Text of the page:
Leinster must build the team around players that are currently performing
There was little build-up to last week's game in the RDS as people were fully aware that the rugby season has not kicked in just yet.
In hindsight, it was expected to be another walk in the park at home for Leinster seeing as the shackles from the South African trip would want to be dusted off and the Edinburgh team were shorn of eight of their front-line players.
What resulted was a lacklustre performance in front of a home crowd that shows there is a lot of work to do.
After the Lions and Ireland tours, there seems to be an imbalance in the squad as players have listened to a lot of different coaches in the last six months.
The expectation of the Lions players in the Guinness PRO14 in early season would traditionally be low and last Friday, you could see their rustiness and fatigue across the board.
There are more groups of players in this Leinster squad than ever before - there are Lions players, Irish players, Irish squad players, Ireland U-20s, Leinster squad players and Academy guys.
We saw a glimpse during the Clermont and Scarlets semi-final defeats at the end of last season where the senior players were selected and duly underperformed. When this is repeated during the next season, it can cause difficulties.
It is true that the senior players need game-time just as everyone else does, particularly those who have been rested or returning from injury, but what's lacking recently is the onus to perform.
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There are players that are carrying this team at the moment and these players are not the stars but a mixture of players from each group that are just getting down and dirty, grinding out the wins when they seem out of reach .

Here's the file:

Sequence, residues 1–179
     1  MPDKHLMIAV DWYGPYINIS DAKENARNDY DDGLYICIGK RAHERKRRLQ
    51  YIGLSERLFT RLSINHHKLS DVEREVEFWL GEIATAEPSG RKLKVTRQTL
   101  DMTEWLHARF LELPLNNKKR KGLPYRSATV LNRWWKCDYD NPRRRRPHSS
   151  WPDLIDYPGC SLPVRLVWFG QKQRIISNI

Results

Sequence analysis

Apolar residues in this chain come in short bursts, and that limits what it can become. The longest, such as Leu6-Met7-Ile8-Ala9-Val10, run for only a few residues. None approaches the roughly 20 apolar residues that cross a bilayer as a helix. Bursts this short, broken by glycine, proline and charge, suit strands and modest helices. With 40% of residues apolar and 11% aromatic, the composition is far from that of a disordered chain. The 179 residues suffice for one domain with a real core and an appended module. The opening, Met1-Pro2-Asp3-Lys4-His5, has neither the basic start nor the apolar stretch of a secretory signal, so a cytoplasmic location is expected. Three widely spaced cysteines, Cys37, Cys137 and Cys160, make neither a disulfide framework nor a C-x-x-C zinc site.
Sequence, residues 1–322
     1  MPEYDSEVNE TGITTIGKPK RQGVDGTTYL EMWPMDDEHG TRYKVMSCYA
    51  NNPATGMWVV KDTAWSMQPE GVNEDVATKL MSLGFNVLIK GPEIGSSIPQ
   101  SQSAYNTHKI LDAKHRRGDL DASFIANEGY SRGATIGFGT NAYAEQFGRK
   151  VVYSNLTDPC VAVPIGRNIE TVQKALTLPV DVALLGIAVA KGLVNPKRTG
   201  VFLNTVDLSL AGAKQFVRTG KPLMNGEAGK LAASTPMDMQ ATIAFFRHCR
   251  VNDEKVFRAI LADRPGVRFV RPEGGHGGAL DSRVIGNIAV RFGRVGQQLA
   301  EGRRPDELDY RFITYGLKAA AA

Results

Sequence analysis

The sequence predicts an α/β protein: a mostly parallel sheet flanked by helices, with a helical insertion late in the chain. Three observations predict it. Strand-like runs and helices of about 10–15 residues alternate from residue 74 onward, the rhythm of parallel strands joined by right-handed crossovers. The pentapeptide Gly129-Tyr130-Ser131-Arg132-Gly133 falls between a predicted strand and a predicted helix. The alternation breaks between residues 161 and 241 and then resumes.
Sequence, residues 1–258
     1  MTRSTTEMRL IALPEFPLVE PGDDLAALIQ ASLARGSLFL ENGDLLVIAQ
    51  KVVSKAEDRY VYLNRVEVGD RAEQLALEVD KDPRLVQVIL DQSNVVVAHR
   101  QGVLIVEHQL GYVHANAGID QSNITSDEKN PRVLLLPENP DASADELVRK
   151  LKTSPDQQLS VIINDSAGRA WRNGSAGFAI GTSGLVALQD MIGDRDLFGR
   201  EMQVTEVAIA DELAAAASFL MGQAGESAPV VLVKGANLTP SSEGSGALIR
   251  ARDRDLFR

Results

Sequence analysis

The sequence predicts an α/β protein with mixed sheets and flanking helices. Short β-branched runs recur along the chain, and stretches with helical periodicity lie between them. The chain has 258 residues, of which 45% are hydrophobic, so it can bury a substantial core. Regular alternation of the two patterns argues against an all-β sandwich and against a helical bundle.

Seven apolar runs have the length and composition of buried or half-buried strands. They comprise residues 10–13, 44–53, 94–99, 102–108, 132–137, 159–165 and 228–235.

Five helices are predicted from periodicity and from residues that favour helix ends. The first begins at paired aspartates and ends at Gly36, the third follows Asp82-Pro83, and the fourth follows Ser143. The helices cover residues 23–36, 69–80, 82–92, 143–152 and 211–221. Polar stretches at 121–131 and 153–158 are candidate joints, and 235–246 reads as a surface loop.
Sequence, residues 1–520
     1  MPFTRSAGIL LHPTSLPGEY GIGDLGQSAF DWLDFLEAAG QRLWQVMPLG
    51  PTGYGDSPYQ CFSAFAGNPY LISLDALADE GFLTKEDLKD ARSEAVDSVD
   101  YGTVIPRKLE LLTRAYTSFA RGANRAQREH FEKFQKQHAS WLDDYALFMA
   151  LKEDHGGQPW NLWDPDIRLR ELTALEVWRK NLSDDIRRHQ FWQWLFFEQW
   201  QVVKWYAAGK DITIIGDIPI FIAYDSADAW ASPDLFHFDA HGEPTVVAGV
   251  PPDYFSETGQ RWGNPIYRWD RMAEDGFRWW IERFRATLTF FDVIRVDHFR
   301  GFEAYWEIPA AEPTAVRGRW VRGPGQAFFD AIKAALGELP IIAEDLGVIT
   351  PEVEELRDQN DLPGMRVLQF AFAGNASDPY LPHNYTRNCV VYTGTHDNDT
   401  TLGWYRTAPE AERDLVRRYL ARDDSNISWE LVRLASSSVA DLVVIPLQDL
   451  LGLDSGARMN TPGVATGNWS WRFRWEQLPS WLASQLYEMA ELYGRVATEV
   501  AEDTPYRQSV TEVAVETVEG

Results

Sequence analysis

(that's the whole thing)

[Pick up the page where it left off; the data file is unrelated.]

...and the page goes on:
Any team coached by Richard Cockerill will always be well-drilled and also subject to his pre-match protestations of the possible outcome of the game.
This time he figured his team would be very much the underdogs but they played like anything but. Edinburgh were focused on Leinster's weak points, they attacked the midfield partnership which crumbled in open play putting enormous pressure on the home side in the first 30 minutes.
Nobody is doubting that Leinster need to get better and will get better but the road to recovery needs to be fast and furious.
There are players performing week in, week out but the overall squad is disjointed and ill-disciplined; two interceptions in two games will prove the former and countless penalties, spilled balls are inevitable.
Scott Fardy is a great find and his passion and skill level will fit right in for the Leinster XV; this will not sit well with the younger second-rows but if embraced they can learn from him. His abrasive nature over spilled a few times last Friday but will be needed throughout the season.
So Leinster must build the team around the players that are performing; Seán Cronin, for example, put the ball in his hands at every available opportunity.
The rest of the front-row picks it self with Seán O'Brien at eight, that frees up Josh van de flier Jordi Murphy and Rhys Ruddock for the other spots.
demanding Dave Kearney is hitting form at the right time too. Joey Carbery is not good in contact so put him into space. Johnny Sexton looked his frustrated, demanding self last weekend and Ross Byrne came on hungry to finish Edinburgh off with some nice kicks to the corner.
We are lucky on this island that the Leinster-Munster battles are always a pre-cursor for Europe.
As tradition shows, it's a game that brings out the best in the players and supporters and makes the following week's European game less daunting than playing against your greatest but most respected enemy.
I can't see tomorrow's game being etched into the annals of history due to the recent performances of both teams. Nevertheless, this clash could not have come at a better time to reconfigure the season ahead for both sides.